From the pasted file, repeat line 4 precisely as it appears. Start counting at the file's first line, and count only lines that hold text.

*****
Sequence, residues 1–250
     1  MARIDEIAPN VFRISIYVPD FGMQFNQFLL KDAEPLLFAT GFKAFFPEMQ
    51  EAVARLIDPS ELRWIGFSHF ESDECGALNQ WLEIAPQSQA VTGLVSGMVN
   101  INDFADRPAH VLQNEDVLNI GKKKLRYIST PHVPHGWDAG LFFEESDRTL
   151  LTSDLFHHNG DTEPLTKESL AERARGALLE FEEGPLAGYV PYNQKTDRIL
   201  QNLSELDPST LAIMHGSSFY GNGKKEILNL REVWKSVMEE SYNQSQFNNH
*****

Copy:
   101  INDFADRPAH VLQNEDVLNI GKKKLRYIST PHVPHGWDAG LFFEESDRTL